Electric Yacht User Group

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Electric Yacht User Group

User group for Electric Yacht

Website: http://www.electricyacht.com
Members: 33
Latest Activity: Jun 16

Discussion Forum

Wow, AGM 3 Replies

I had one of my 6v 200A, golf cart, Sams batteries go out after a year of being in service (1 month out of warranty of course) so I decided to go the local interstate battery dealer, just out…Continue

Started by gilbert landin. Last reply by gilbert landin Jul 20, 2013.

Electric Yacht System Works Great!!

My Mood 34 is back in the water. The Electric Yacht 260i system works perfectly. Docking and getting to the mooring are so much easier with all of the torque available instantly.Continue

Started by Skip Barbour Jul 9, 2013.

Electric seas conversion

Richard, We are the last sailing lobster boat in the state of Maine but the first to go electric. My son and I found the old Sarah Mead in a barn ready to be burned when we bought her and started the…Continue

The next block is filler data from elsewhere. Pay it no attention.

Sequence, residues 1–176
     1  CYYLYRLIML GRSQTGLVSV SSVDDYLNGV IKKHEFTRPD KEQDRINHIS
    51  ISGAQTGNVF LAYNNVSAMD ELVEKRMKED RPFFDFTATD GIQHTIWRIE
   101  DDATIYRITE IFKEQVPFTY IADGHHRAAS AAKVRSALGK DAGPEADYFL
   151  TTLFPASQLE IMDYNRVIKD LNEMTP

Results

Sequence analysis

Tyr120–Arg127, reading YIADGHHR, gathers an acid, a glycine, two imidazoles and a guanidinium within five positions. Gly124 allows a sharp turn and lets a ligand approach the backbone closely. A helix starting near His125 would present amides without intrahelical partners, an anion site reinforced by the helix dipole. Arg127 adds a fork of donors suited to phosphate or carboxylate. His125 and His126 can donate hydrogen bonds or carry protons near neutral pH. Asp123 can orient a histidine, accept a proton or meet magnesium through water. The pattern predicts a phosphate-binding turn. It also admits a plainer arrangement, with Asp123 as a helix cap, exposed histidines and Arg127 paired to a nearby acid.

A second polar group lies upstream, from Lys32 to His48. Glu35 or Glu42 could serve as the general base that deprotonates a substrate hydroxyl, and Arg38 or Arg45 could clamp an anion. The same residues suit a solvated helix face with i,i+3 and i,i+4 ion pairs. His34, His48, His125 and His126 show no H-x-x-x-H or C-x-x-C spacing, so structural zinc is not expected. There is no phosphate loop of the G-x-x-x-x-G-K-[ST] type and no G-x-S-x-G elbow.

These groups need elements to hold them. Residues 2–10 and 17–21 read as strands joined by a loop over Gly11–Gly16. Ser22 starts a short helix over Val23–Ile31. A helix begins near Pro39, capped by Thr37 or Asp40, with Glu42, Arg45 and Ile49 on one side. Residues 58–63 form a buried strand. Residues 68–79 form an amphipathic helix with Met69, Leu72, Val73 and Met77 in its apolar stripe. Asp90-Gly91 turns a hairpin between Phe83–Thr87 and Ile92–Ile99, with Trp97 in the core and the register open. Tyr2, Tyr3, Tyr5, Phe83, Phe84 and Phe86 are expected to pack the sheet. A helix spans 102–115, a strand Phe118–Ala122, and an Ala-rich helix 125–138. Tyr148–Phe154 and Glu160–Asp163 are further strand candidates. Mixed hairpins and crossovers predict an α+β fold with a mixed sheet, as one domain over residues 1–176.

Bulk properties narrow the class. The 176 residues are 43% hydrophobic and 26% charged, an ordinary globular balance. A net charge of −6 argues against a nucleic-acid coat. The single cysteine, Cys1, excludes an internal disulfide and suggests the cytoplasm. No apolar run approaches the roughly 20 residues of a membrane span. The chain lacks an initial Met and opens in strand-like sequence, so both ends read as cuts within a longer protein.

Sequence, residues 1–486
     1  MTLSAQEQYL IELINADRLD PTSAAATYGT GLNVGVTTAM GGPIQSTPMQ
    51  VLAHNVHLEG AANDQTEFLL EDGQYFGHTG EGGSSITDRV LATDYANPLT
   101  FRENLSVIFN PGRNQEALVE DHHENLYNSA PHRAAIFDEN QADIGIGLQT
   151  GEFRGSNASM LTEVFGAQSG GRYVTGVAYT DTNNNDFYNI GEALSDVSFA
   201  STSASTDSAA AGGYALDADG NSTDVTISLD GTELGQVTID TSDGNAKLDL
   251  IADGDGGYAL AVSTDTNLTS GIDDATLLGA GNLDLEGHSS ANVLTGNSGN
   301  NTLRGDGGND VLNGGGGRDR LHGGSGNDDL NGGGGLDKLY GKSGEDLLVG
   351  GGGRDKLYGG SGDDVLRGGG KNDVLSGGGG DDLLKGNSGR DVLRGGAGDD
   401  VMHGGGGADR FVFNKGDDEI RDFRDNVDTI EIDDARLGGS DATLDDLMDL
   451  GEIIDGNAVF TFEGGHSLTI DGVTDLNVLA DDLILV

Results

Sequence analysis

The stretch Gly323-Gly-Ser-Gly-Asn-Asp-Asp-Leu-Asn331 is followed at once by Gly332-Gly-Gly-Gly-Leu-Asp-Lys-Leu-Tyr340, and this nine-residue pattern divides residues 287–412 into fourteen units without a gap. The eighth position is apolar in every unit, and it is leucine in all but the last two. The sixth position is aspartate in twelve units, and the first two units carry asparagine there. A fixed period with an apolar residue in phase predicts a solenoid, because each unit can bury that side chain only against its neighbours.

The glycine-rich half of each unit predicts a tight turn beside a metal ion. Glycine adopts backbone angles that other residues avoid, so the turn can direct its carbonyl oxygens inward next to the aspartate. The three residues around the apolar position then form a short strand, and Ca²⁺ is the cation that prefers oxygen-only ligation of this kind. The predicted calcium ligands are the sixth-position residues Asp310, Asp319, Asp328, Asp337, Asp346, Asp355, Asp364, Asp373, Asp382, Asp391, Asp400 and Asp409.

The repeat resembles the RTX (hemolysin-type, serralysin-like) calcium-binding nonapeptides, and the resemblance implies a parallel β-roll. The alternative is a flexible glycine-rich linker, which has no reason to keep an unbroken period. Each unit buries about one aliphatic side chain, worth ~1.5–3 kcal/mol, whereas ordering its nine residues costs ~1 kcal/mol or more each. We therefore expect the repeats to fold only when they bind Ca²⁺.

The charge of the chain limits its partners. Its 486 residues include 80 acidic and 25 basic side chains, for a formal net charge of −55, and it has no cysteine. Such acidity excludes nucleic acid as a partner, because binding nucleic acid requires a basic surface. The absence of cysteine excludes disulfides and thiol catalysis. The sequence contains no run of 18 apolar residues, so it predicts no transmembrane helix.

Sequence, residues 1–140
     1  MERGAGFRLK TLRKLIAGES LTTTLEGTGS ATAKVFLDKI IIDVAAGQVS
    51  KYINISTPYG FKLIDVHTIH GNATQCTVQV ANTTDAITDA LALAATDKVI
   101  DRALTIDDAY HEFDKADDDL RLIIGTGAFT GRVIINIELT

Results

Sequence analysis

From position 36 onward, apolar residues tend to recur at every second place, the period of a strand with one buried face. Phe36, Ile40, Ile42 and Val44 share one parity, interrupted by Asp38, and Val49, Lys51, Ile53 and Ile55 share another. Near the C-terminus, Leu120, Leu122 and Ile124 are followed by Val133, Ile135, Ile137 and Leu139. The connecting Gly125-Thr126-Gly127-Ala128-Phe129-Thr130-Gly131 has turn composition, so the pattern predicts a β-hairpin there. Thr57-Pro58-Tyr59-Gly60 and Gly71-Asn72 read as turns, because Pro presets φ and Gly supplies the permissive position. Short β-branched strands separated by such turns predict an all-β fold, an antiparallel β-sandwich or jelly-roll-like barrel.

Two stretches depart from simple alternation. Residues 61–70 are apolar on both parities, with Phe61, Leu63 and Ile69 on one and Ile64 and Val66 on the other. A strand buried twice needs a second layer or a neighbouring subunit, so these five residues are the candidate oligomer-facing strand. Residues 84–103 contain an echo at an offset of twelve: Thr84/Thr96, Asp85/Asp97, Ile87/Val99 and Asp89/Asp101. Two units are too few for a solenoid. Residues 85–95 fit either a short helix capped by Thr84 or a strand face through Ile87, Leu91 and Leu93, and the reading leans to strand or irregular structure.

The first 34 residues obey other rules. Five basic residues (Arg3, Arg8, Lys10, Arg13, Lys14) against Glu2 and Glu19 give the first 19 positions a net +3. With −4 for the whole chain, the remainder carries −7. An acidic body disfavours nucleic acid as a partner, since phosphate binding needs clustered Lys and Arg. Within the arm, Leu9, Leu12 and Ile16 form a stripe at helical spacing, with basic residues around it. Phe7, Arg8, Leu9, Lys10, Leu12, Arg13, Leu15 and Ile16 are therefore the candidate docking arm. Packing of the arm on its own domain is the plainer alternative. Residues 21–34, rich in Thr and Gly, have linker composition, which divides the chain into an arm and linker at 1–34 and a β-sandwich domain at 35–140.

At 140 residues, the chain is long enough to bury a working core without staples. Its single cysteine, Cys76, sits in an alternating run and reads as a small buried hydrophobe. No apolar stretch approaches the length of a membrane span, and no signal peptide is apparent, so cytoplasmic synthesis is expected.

Started by Randy Jones Nov 15, 2012.

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Comment by Richard Mair on July 29, 2013 at 11:25pm

When there is enough wind to sail there is always power. One trip we motored for 3 hours then the wind came up. We used the regen all night to charge the house battery then shut it off the last 3 hours before we would need to power in to anchor. Batteries were up to 99% when we needed them. Only used 10% when we anchored.

I will post on some of the hard parts when we start going up  the River.

One thing I would like to do. A switch to Lithium Batteries would reduce generator run time after a trip when we need to top up the lead acid.

Richard

Comment by Richard Mair on July 14, 2013 at 8:50am
We are about to start a trip I never thought about when we went electric. I plan to send in comments on stages of the trip as it wont be nonstop. Going up the St Lawrence so there will be motoring imvolved.
Richard IntoThe Blue